The partial derivative of a multivariable function is simply its derivative with respect to only one variable, keeping all other variables constant (which are not functions of the variable in question). The formal definition is
where is the standard basis vector of the th variable. Since this only affects the th variable, one can derive the function using common rules and tables, treating all other variables (which are not functions of ) as constants. For example, if , then
Note that in equation , we treated as a constant, since we were differentiating with respect to . The partial derivative of a vector-valued function with respect to variable is a vector .
Multiple partial derivatives can be treated just like multiple derivatives. There is an additional degree of freedom though, as you can compound derivatives with respect to different variables. For example, using the above function,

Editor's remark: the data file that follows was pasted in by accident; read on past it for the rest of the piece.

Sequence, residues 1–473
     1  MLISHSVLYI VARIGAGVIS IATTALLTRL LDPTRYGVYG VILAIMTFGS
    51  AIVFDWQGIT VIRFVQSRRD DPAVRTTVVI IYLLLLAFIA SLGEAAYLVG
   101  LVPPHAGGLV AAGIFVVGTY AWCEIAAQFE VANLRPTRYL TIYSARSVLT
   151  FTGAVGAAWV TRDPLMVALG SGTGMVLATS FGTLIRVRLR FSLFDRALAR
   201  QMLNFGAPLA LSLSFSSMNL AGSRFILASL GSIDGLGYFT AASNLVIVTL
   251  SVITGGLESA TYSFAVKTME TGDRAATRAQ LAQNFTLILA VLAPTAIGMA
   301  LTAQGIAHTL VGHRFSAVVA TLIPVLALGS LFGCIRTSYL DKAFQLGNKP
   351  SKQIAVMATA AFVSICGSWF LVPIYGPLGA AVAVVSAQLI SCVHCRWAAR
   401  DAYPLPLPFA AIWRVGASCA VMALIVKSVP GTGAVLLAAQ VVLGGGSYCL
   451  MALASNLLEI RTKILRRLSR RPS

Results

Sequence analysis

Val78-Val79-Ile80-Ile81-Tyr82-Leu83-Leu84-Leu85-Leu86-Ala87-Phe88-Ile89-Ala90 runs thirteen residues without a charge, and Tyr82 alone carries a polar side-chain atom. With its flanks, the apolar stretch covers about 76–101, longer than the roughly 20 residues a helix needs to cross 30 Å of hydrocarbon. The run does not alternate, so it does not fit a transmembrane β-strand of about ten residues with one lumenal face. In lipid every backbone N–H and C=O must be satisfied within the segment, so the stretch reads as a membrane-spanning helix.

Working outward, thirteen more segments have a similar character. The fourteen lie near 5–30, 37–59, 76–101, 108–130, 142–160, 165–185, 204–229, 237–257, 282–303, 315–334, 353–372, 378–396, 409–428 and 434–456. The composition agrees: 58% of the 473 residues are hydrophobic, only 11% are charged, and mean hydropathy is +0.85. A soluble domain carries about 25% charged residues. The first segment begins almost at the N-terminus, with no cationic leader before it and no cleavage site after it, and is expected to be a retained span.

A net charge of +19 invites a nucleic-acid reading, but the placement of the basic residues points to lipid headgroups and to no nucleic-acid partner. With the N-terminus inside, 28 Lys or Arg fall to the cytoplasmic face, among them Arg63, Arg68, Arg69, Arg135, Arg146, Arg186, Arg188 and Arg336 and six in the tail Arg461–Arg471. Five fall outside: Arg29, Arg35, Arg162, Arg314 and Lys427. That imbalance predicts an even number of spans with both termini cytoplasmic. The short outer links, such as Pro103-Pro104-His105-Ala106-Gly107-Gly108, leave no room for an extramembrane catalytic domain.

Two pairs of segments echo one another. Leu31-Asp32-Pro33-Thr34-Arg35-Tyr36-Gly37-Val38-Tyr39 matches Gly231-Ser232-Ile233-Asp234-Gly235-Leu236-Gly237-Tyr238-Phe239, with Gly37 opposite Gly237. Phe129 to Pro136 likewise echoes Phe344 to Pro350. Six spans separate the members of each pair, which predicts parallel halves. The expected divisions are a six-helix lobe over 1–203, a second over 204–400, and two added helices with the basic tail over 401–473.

is another way of writing . If is continuous in the neighborhood of ,
and and are continuous in an open set , it can be shown
(see Clairaut’s theorem (http://planetmath.org/ClairautsTheorem)) that in , where are the ith and jth variables. In fact, as long as an equal number of partials are taken with respect to each variable, changing the order of differentiation will produce the same results in the above condition.
Another form of notation is where is the partial derivative with respect to the first variable times, is the partial with respect to the second variable times, etc.
|Date of creation||2013-03-22 11:58:30|
|Last modified on||2013-03-22 11:58:30|
|Last modified by||Mathprof (13753)|